As you may guess, I got bullied a great deal during the seven years I lived in that town. I wasn’t afraid to cry — in fact, it came easily and still does — but crying in school led to a vicious cycle of bullying, more crying, and more bullying. I had to learn to “tough it up” just to get through most days.
At home, everything was about “being a good Christian” or “doing your best for God” and other such phrases that get drilled into children at Sunday School. There was no sex education, no real talks with Mom or Dad about sex. The longest conversation Mom had with me on the subject was her handing me a stack of Christian-based sex education books — the kind that quote the Bible and refer to sexuality as “God’s Gift to a Husband and Wife” — and told me I should read them. I was eleven.
So there I was, growing up in an ultra-conservative religious household, in the middle of an ultra-conservative State, trying to kiss girls in second grade, having a girlfriend who I’d regularly kiss in third grade, and trying to catch peeks of guys every time I could. For awhile I didn’t even realize it. I’d be in the bathroom at school and look over at one of the other boys. I’d be at the base pool, and look over at somebody else in the locker room changing. I’d be at a friend’s house and try to catch him changing clothes.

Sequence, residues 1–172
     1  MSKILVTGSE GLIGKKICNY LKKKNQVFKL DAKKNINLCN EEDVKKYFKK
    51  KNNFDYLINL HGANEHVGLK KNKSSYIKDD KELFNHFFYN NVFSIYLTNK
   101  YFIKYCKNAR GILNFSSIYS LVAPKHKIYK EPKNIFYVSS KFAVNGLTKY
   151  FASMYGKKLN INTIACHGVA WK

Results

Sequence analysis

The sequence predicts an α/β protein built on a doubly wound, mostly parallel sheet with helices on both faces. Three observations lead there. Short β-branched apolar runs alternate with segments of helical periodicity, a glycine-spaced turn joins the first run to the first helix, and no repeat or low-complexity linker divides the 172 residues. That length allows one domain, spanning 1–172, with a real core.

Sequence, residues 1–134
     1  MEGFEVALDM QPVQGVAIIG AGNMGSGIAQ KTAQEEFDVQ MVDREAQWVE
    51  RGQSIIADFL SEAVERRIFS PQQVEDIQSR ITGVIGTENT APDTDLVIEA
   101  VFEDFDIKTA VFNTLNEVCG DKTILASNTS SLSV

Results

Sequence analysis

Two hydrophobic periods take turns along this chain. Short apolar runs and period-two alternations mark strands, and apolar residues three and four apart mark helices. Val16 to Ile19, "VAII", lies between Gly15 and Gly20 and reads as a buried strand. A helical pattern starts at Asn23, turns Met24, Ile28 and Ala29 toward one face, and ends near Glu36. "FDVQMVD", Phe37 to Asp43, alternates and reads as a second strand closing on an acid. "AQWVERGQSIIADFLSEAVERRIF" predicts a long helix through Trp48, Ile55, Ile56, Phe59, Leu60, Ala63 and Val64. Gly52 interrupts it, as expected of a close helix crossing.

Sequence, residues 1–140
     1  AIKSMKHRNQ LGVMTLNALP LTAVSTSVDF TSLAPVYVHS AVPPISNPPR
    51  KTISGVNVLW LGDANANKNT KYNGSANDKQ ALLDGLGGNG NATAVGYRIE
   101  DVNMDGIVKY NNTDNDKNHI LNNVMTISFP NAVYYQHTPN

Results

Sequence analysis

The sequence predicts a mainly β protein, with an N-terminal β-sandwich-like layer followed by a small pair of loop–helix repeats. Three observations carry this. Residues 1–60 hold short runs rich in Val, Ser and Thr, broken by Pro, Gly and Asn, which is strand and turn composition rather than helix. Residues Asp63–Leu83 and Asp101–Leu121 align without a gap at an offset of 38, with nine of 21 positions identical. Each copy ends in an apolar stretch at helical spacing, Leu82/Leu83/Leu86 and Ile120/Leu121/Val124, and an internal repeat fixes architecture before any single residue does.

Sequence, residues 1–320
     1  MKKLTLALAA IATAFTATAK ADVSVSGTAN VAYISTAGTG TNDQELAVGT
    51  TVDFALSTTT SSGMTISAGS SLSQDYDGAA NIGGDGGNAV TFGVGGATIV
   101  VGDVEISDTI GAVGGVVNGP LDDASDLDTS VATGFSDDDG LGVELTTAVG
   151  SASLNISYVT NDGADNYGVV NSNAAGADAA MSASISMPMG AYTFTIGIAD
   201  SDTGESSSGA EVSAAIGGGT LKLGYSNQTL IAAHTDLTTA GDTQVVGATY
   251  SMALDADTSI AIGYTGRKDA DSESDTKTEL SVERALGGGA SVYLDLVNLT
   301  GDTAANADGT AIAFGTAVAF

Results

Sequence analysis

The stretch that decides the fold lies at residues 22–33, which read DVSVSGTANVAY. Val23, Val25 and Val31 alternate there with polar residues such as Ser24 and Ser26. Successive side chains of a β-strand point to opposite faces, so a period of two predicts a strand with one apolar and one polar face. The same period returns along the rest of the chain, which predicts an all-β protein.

Every time that I got caught I would be ridiculed or threatened. I was shorter than most of my classmates, which made such tactics easy. I was learning that I could not look at other boys without being bullied, that I was doing something wrong. Then my Sunday School lessons would touch on stories like Sodom and Gomorrah, where men loving men was cause for God to burn down the cities, and it was like God was telling me that I should burn, only I was still too young to make the conscious connection. Regardless, the pattern was quickly established that looking at another guy and having people realize it would result in hurt and shame.